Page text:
Home > Human rights, Logging, Papua New Guinea > Supreme Court rejects Rimbunan Hijau attempts to avoid serious police assault claim

Supreme Court rejects Rimbunan Hijau attempts to avoid serious police assault claim

September 28, 2016 Leave a comment Go to comments

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The Supreme Court has rejected a bid by notorious Malaysian logging company, Rimbunan Hijau, to have a claim against it for orchestrating a brutal police assault thrown out.

Tha plaintiff, John Molu says he was thrown out of a 3 metre high window, threatened at gun point, gun-butted, lashed with wooden sticks and a bulldozer fan belt, punched and kicked and cut with a bush knife. These assaults were allegedly carried out by Sergeant Jerry Biamaga and Constable Frank Johe who were working on behalf of Rimbunan Hijau subsidiary, Wawoi Guavi Timber Company.

The details of the serious assault and human rights violations inflicted by the police officers are all ‘facts’ the Supreme Court says, Rimbunan Hijau’s lawyers tried to ‘gloss over’ in their submissions. The Judges also noted that Rimbunan Hijau has not filed any evidence to contradict Mr Molu’s claims.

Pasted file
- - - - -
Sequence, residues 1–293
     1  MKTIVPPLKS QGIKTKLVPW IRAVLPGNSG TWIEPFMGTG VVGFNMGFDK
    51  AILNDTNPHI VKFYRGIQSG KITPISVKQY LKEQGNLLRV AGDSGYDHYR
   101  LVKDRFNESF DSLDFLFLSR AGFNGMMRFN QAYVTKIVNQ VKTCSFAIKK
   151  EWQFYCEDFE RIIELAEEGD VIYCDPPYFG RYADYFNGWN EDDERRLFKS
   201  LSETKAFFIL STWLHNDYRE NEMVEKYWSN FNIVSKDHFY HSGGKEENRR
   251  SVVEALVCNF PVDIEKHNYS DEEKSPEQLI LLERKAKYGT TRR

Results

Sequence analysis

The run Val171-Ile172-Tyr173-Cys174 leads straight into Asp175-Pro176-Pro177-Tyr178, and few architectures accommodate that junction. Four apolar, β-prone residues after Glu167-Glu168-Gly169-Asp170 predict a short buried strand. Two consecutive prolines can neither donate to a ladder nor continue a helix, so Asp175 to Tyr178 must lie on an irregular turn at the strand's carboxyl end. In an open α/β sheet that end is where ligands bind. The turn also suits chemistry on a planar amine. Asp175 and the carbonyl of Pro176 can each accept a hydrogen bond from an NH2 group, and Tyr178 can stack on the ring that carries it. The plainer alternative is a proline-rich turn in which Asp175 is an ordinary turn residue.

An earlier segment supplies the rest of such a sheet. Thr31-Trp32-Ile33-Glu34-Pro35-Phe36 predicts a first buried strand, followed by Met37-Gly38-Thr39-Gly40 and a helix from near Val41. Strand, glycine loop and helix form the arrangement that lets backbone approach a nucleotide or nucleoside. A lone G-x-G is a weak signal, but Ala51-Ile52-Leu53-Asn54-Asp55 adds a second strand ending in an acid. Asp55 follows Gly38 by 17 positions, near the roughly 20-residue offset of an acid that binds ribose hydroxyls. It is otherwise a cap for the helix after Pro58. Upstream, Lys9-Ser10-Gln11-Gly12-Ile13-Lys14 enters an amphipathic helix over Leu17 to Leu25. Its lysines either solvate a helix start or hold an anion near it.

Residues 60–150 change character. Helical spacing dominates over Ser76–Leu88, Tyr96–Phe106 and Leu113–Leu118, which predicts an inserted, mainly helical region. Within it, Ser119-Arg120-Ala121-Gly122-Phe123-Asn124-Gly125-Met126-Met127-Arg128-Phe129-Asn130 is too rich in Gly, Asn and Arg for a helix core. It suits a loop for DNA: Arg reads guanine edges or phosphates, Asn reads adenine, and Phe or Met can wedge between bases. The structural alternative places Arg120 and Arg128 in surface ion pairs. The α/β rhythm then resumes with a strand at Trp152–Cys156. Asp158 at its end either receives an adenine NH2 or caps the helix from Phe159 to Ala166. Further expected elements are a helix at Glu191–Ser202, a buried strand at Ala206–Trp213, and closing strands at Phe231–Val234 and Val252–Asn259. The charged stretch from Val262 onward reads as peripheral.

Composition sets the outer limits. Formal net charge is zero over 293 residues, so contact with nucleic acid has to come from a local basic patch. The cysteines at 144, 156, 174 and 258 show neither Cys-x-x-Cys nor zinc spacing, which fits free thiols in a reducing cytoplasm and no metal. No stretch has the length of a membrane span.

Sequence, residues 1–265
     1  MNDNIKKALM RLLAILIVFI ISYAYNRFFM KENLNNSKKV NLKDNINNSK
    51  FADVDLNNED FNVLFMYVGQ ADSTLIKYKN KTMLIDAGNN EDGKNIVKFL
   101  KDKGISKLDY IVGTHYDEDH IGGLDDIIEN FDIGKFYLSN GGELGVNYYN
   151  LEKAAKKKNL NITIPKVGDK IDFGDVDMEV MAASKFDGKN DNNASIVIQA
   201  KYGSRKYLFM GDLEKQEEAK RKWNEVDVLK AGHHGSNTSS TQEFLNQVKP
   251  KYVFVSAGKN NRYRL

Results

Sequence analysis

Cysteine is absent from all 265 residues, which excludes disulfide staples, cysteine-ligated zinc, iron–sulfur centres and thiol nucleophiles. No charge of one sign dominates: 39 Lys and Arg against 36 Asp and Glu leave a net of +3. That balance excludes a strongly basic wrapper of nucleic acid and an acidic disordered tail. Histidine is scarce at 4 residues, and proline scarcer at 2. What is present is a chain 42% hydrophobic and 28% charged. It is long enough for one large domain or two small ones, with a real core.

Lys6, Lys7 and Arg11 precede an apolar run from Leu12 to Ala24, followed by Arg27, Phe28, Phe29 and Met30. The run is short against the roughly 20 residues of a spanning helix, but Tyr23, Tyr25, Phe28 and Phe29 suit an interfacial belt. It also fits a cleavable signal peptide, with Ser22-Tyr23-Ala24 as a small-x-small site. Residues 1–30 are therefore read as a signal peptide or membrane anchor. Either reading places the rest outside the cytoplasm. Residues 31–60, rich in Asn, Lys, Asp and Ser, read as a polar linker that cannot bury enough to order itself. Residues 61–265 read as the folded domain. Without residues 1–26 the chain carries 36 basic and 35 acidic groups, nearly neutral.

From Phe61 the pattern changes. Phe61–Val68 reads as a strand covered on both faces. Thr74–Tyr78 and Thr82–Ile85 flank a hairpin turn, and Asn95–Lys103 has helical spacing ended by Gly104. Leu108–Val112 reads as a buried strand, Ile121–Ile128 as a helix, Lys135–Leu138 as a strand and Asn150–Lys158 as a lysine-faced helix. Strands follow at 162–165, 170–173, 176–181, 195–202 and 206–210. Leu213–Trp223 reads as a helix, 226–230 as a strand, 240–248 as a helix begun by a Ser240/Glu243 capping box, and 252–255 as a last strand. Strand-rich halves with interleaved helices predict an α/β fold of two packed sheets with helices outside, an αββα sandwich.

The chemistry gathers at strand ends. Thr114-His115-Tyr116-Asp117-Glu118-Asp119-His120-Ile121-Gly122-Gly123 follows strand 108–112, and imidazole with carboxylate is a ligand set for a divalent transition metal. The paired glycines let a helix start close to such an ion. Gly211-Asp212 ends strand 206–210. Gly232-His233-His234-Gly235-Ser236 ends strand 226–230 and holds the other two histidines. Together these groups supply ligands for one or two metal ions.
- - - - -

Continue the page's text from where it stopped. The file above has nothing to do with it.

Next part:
There have been numerous documented instances over the past fifteen year of police officers working on behalf of Rimbunan Hijau terrorizing communities opposed to their unlawful and destructive logging operations, see for example:

Mr Molu’s original claim for damages was dismissed for want of prosecution in April 2013, in a hearing the Supreme Court says, Mr Molu’s lawyers were never informed of by Rimbunan Hijau.

The dismissal was overturned in the National Court in September 2013. Rimbunan Hijau then appealed that decision to the Supreme Court. The Supreme Court has rejected RH’s appeal. The matter has now been returned to the National Court for trial.

The Supreme Court ordered Rimbunan Hijau pay all the costs of its failed appeal, including the costs of its expensive Australian QC, John Griffin, and the costs of Mr Molu.

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